Last time I saw The Great Gatsby it was as a movie on one of the large VMAX screens at the Event cinema complex in Bondi Junction by way of Baz Luhrmann’s grand Academy Award winning film.
This time I was seeing F Scott Fitzgerald’s classic story as a play, in a newish, Sydney premiere adaptation by American playwright Simon Levy, presented by a local north side community theatre troupe, the Epicentre Theatre Company.
As I was watching the action impressively unfold, I thought to myself that there was something special about this experience. One doesn’t need all the hype, the big bucks, the huge production values, and fancy Hollywood stars for a show to work. All one needs is a damn good story, and a performing troupe who put their all into doing the best show that they can. In some respects the achievements of a small, unassuming troupe can be more impressive.
THE GREAT GATSBY is a hell of a story. The ‘major chords’ that it plays never fail to resonate. It is a parable for the ages….telling the story of Jay Gatsby, a ridiculously wealthy and classy man who assumed that he could have anything that he possibly wanted and yet falls short of keeping Daisy, the woman of his dreams.
With her directing debut, Jody Goodman has delivered a satisfying production for Epicentre. Together with her creative team she recreates the vitality and decadence of the nineteen twenties in America. The costume designs by Nicola Rule with assistant Gabi Andrews work well. The set design by Goodman, clearly created on minimal budget, was effective, with the main action at Tom and Daisy’s place and surrounds happening at the front section of the stage and the ‘haunting’ vista of Jay Gatsby’s mansion peering out from the back.
Goodman wins good performances from her cast. Adam Garden makes for a very credible Jay Gatsby as did Brett Joachim as his new friend but ‘old sport’ Nick Carroway. Joachim’s performance made me reflect on how powerful these narrator roles can be. Especially those narrator roles where the narrator finds himself caught up in a whole new world where his idealistic nature is shattered, and his allegiances and loyalties are torn. Another narrator role came to mind, that of Stingo in William Styron’s classic, haunting novel Sophie’s Choice.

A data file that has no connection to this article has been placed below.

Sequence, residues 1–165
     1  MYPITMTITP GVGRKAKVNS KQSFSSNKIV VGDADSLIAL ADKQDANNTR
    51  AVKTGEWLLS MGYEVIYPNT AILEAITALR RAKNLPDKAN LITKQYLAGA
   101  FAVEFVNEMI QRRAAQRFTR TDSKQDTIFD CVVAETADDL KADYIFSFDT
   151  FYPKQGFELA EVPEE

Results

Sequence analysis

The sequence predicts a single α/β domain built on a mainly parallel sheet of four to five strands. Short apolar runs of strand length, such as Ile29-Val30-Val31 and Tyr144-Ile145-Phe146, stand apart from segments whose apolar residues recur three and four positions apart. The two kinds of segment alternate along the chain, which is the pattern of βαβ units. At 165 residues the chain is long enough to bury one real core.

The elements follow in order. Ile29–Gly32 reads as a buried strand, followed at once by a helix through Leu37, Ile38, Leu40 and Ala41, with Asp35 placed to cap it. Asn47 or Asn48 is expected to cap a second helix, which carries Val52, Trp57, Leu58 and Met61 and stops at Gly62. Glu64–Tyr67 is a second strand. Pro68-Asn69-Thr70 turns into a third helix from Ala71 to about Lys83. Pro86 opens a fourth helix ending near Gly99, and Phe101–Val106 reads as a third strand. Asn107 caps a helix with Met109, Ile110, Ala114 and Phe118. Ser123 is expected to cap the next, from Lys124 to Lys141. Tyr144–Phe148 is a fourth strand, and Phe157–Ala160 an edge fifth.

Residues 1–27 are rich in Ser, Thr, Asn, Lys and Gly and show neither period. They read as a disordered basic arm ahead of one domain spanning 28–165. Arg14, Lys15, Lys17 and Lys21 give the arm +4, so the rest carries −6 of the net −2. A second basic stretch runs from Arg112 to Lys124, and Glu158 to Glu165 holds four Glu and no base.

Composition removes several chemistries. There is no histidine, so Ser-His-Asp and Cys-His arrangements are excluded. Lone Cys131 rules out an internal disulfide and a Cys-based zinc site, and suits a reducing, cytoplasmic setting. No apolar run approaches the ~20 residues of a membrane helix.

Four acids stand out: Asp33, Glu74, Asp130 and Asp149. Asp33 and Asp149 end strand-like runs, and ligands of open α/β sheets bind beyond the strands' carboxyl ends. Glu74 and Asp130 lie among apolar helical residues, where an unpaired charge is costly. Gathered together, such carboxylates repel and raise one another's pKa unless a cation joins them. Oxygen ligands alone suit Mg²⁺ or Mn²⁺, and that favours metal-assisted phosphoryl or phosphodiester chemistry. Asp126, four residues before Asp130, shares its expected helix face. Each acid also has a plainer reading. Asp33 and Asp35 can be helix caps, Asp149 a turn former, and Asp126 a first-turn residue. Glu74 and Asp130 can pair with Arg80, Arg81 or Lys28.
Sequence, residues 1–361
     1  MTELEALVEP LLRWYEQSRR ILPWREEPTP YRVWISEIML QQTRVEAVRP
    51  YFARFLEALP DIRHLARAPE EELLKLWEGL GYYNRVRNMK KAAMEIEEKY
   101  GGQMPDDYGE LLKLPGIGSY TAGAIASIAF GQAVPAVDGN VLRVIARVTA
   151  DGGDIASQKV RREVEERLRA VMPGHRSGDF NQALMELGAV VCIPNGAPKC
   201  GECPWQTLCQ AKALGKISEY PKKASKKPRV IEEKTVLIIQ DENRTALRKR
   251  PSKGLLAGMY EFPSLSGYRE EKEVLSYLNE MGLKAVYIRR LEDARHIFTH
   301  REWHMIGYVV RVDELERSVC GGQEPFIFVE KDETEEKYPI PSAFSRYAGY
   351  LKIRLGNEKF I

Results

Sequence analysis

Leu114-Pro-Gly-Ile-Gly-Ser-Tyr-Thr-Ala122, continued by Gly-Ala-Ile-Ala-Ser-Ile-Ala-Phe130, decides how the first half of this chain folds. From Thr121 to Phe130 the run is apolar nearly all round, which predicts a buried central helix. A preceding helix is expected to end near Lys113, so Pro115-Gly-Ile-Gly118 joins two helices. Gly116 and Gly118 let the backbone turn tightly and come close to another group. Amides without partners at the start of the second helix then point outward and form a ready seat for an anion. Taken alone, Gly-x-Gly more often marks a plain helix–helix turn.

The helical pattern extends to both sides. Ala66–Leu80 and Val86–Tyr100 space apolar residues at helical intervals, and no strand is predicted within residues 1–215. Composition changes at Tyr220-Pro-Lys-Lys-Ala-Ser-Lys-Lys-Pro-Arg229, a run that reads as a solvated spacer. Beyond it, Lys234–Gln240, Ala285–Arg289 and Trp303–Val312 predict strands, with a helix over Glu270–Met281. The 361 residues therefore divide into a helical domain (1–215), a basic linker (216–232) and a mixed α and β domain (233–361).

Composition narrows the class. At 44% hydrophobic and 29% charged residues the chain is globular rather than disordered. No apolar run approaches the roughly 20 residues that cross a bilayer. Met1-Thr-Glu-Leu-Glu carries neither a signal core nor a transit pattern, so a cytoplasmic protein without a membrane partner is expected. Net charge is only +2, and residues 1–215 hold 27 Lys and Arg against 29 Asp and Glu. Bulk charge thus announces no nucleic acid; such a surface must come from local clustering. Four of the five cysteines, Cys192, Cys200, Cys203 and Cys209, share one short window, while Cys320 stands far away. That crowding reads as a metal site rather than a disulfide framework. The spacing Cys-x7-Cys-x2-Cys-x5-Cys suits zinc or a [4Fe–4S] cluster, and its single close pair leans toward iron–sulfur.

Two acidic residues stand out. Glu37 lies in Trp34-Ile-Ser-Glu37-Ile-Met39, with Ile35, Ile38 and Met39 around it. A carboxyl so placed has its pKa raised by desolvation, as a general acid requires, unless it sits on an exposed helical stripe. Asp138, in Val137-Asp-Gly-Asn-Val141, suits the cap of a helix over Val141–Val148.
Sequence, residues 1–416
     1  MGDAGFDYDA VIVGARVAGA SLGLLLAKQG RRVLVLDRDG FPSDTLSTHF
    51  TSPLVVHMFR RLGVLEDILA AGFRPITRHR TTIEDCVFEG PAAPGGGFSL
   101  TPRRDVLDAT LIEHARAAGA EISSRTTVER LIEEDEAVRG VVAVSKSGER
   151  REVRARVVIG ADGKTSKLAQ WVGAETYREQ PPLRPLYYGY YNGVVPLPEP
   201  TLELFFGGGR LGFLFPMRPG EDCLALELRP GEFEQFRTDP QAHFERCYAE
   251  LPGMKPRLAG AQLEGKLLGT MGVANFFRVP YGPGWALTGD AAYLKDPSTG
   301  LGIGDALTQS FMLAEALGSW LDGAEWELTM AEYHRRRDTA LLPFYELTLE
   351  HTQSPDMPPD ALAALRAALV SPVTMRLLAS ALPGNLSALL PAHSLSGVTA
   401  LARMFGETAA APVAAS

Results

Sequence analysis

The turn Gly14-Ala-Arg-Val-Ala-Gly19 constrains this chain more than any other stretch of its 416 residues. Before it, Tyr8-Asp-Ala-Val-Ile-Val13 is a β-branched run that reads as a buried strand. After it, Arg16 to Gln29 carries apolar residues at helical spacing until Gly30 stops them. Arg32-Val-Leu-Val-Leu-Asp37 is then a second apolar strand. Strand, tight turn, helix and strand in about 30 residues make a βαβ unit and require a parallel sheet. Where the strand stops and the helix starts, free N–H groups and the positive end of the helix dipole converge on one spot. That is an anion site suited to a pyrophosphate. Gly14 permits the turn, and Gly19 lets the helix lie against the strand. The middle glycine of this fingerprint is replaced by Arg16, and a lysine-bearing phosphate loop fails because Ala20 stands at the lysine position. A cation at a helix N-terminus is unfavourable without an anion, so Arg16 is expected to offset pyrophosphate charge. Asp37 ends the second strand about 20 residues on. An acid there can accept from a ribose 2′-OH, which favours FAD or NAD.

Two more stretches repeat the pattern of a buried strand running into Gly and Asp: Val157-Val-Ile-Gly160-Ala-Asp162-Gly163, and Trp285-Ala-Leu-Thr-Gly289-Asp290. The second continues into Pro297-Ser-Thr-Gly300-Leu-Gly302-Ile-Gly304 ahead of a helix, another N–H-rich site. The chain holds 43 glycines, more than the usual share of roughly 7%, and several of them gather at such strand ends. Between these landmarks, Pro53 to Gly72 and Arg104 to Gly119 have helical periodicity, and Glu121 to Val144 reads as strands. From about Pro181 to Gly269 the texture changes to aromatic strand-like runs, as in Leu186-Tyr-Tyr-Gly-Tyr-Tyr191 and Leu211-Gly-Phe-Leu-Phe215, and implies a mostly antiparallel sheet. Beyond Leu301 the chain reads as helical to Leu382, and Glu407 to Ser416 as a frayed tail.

Kate Gandy impressed as the fickle Daisy, as did Heidi Baleisi as her friend, Jordan. As Daisy’s ‘under siege’ husband Tom, Matt Cook’s performance came across powerfully.
Of the two Acts, the performance after interval appeared the stronger. Act 2 started out on a light note with a well performed twenties jazz/flapper number however the action soon heated up. The big confrontation scene between the love triangle was well played out as was the tragic scene where an unseen Daisy runs over Myrtle, played by Lauren Hollingworth, after she has raced out onto the street following on from a raging argument and left her husband George, played by Matthew Grasso.
All in all, an impressive production by this respected northside theatre troupe, who have served their local community well for some forty five years now. The Company’s move to its new venue at Ku-ring-gai Town Hall appears to be working well, as does its decision to incorporate a cabaret style table seating arrangement where theatregoers are invited to bring their own food and drink provisions – alcohol is allowed – and ‘dine out’ out on the show.
THE GREAT GATSBY represents its third and final production of the year, following on from revivals of Neil Simon’s RUMOURS in April and Ray Lawler’s SUMMER OF THE SEVENTEENTH DOLL in June. For performance times and bookings visit-